A broad coalition of Native American, conservation, and historic preservation organizations, outdoor industry, scientists, and outdoor recreationists sued the Trump Administration today to strike down the President’s extreme overreach of authority in revoking the Bears Ears National Monument. The President’s proclamation is contrary to law, ignores overwhelming public support for the original monument designation, and dishonors Native American heritage and culture.
The plaintiffs — Patagonia Works, Utah Diné Bikéyah, Friends of Cedar Mesa, Archaeology Southwest, Conservation Lands Foundation, Access Fund, the Society for Vertebrate Paleontology, and the National Trust for Historic Preservation — filed the complaint in federal court in Washington, D.C.
Sixteen presidents have used the Antiquities Act to designate 157 national monuments since 1906 to preserve our unique and treasured places from destruction. President Trump’s proclamation is the first time any president has attempted to abolish a monument established by a previous president and amounts to the largest elimination of protected areas in American history. By revoking national monument status for 85% of the area protected by the Bears Ears National Monument, President Trump has removed legal protections for many well-known and widely-revered historic, scientific, and cultural areas.
The President made the decision without visiting Bears Ears or meeting with tribal leaders. Despite his claim that his decision represents the will of the people, the decision only advances the interests of a few, at the expense of many. The Administration received over 3 million public comments this summer, and over 98% of those comments favored keeping the Bears Ears National Monument intact.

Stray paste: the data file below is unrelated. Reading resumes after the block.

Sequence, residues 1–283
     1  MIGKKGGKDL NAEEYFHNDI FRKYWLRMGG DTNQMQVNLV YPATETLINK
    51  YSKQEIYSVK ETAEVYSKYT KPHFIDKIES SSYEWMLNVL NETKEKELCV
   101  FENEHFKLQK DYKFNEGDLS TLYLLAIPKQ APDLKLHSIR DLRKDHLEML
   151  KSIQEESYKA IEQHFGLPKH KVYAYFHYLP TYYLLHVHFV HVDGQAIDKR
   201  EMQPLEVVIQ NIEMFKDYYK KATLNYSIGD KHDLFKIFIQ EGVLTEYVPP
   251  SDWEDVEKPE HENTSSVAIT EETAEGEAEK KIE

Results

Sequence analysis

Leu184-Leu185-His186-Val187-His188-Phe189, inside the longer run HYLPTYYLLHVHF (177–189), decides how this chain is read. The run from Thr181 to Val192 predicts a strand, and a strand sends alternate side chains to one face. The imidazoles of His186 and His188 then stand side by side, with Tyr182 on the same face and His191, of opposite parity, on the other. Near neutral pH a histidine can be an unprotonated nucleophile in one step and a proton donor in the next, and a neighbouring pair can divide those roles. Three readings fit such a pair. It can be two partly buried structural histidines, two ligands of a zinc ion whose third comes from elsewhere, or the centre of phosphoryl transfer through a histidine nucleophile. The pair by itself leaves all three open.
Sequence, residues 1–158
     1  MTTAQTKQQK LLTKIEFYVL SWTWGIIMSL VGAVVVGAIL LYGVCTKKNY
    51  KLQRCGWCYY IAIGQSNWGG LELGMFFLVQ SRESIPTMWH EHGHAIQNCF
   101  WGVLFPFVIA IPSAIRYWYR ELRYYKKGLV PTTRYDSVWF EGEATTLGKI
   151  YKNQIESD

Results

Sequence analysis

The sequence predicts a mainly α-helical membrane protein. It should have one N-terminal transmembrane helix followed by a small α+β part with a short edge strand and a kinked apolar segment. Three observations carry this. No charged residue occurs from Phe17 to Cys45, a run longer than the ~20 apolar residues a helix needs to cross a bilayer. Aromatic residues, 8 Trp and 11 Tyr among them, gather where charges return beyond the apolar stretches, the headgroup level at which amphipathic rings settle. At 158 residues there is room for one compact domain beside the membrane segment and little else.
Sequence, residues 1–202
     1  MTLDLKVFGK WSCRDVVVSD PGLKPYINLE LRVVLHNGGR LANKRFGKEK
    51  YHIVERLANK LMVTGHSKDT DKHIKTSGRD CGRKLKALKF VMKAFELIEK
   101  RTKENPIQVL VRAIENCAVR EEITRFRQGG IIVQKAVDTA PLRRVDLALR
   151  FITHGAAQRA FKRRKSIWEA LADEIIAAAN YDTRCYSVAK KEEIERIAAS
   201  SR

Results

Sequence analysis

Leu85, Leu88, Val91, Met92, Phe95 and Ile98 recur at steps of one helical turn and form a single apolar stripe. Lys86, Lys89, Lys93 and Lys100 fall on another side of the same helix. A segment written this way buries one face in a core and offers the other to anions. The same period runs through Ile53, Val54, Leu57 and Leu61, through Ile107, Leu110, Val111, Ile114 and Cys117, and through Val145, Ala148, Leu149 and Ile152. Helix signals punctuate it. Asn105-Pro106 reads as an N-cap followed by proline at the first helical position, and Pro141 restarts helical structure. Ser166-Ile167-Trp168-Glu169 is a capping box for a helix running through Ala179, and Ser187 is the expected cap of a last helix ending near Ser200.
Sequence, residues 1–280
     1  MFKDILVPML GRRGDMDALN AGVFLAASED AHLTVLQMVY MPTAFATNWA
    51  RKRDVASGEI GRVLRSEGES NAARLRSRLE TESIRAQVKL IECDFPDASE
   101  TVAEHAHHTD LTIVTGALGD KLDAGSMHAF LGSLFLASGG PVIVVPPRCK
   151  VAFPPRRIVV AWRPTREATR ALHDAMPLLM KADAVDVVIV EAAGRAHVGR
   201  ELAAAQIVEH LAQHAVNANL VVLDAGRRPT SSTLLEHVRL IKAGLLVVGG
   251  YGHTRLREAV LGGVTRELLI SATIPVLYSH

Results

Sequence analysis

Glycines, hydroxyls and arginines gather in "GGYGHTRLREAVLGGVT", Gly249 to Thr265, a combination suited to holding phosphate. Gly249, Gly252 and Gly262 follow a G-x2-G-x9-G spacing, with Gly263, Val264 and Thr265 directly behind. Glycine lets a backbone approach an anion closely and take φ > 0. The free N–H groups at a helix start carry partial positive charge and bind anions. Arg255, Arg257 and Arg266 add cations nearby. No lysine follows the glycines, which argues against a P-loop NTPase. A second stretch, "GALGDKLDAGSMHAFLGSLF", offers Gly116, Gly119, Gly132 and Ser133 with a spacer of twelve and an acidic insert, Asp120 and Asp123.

Reactions from Coalition Members:
Mary Benally, of Utah Diné Bikéyah: “President Trump has literally dismembered our sacred Bears Ears monument that five Tribes have worked tirelessly for many years to protect in order to preserve our culture and way of life. I heard yesterday someone say, ‘it is as if he took a whole person, slashed it, and left us with a couple of limbs,’ that is how I feel, too.”
Josh Ewing, Executive Director of Friends of Cedar Mesa: “With more than 100,000 archaeological sites, 75% of which were erased from the National Monument by President Trump, the Bears Ears landscape is unquestionably the kind of place the Antiquities Act was meant to protect. Our organization has never before been involved with litigation. Yet this extreme and unprecedented effort by the President to erase National Monument protections for even the most uncontroversial and world-renowned areas, like Cedar Mesa and Grand Gulch, leaves us no choice but to pursue our legal rights in the American system of justice.”
Brian Sybert, Executive Director of the Conservation Lands Foundation: “This is as bad as we expected, based on the lies and misrepresentations that we have heard throughout Secretary Zinke’s sham ‘review.’ This administration will stop at nothing to ensure that their private industry cronies can profit from the destruction of even our most highly valued public lands, to the point of undoing protections that have been in place for two decades. We look forward to fighting this indefensible and illegal order in the courts—where facts still matter.”